Previously I pointed out an equivocation in the Island objection to Anselm's argument; if the key description is taken in a way that actually parallels Anselm's, it is obviously problematic in a way that Anselm's is not. The alternative interpretation (C), which is how everyone thinks of it, is not parallel. Given that the Island objection crucially depends on being parallel to Anselm's argument (that is how it performs its reductio), the Island objection equivocates in a key place.
(C) that island than which no greater island can be thought
(C) is not parallel to (A), and the Island objection cannot succeed unless it manages a parallel in all relevant aspects.
 But even if this is set aside, it immediately involves an additional problem. As Anselm pointed out in his reply to Gaunilo, the key point in (A) is that we are talking about something than which nothing greater can be thought, not simply something greater in some way. But an island is greater than an island merely in some way, and never in such a way as to be so great that nothing greater than it can be thought of.
 However, even if we set this aside, there's another problem that Gaunilo's objection runs into. A key point in both arguments, Anselm's and Gaunilo's, is that it is greater to exist than not to exist (i.e., any thought object that can be thought to exist in reality can be thought to be greater than any thought object that is only in the intellect). In Anselm's argument this only comes into play given that we are at a limit-case of greatness: we are at something so great that the only question is whether it also has the greatness of existing or not. And because of the nature of this limit-case, that it is that than which nothing greater can be thought, it must have the greatness of existing. If we are only comparing islands, however, we are not at the limit-case of greatness, unless we can also show that nothing can be conceived that is greater than the greatest island (which obviously we cannot, since it is false). Thus the parallel breaks down in yet another way.
 Yet another point. If A is greater than B it is always as something. Thus if an island is that than which no greater island can be thought, it must be greater as something. The question of 'as something' doesn't arise in Anselm's case because it is automatically constrained by the nature of the argument; we are considering greatness of being. In the island case, (C) suggests we are considering greatness relevant to islands (and, indeed, just about everyone takes it in such a way). But if this is so, the Island parallel breaks down at yet another point: the Island objection, taken as a reductio of Anselm's argument, is equivocating on the term 'greater'. The result is that the 'greater to exist in reality' premise is jeopardized in a way that it is not in Anselm's argument.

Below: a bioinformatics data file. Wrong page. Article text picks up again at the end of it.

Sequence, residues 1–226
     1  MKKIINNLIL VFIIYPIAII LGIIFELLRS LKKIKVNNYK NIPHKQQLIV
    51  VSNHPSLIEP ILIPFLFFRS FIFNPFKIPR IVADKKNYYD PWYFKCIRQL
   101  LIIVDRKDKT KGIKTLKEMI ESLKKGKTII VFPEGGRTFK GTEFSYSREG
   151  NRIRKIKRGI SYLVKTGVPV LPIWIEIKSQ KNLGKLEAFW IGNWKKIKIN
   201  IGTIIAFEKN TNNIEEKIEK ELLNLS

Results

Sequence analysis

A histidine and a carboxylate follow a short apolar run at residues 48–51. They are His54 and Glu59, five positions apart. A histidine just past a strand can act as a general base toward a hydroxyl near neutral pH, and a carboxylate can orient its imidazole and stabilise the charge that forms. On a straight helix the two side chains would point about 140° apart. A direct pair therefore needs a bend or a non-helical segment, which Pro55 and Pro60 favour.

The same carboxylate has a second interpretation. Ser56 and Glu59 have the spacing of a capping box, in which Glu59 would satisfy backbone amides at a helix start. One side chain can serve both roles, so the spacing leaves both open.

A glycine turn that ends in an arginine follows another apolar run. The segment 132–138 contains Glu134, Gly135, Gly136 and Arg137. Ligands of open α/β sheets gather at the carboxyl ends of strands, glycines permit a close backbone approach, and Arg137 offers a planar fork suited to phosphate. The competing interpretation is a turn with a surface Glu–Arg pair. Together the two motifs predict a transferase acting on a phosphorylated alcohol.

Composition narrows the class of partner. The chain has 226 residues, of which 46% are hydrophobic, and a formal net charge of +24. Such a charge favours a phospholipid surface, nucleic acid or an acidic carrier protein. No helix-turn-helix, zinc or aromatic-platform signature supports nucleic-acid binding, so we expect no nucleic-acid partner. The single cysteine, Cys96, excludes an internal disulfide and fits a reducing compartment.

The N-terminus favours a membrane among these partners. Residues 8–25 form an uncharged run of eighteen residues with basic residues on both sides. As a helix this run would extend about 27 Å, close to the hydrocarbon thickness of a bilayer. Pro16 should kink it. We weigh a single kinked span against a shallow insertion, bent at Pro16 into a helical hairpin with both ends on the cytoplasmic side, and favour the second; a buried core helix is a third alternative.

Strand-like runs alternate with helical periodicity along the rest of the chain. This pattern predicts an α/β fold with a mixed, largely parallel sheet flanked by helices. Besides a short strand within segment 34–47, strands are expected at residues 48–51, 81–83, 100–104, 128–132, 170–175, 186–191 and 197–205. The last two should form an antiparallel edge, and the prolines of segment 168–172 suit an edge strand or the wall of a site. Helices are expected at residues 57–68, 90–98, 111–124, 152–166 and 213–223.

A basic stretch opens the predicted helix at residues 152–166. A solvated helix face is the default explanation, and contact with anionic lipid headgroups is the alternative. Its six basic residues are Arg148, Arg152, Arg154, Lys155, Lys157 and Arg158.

Suppose, however, that we were to to take (C) in the following further-refined sense:
(E) that island than which no island greater as a being can be thought
What then? Unfortunately for the Island objection, the answer isn't helpful for the pro-Gaunilo side. For, as noted above, the reason 'greater as a being' is relevant to existence in Anselm's description (A) is that we are at a limit-case of greatness. (E) is not such a limit-case; for if the island than which no island greater as a being can be thought does not exist, this suggests nothing unless the only greatness left to consider is existence itself. That is, if there are other greatnesses of being besides existence that are involved in being a great island, (E) doesn't even suggest the existence of the island than which no island greater as a being can be thought.
 Beyond that, however, if we stipulate that the only greatness left to consider is existence, all (E) suggests is that the island than which no island greater as a being can be thought is just an island that actually exists, because any island that actually exists will be greater on this stipulation than any island that does not. This problem does not arise on Anselm's formulation of (A).
 Further still, as a smaller additional problem, (E) is only an issue if islands are not all on a par in terms of greatness of being. If they are on a par, and islands really exist, (E) is satisfied by any really existing island. By the same token, if no islands really existed, but only existed in the mind, (E) would be satisfied by every island existing in the mind. However, it is more plausible to say that islands, considered as beings, are all on a par in terms with greatness, because they are all the same basic thing (islands, namely, dry-land ecosystems encircled by water) than to say that all things, considered as beings, are on a par in terms with greatness. Gaunilo's objection depends on being plausibly parallel to Anselm's at every relevant point; but whether it is parallel even on this basic point is more murky than the pro-Guanilo camp wants to admit.
Conceivably one or two of these equivocations could be evaded; but (1) it requires more effort than Gaunilo supporters ever put forward; (2) it's unlikely that all of them can be neutralized. The objection is flawed through and through; it's clever, to be sure, because it makes use of an apparent, but purely verbal, similarity. The verbal similarity hides rooms upon rooms filled with equivocations, though; it is doubtful that the Island objection can ever be made genuinely parallel to Anselm's argument. If so, it can never be the reductio it is put forward to be. It is a clever bit of philosophical sleight-of-hand, useful for fooling those who don't take the trouble to analyze it, and nothing more. It's the philosophical equivalent of a magic trick; it works by misdirection. The real issues that Anselm's argument raises are elsewhere.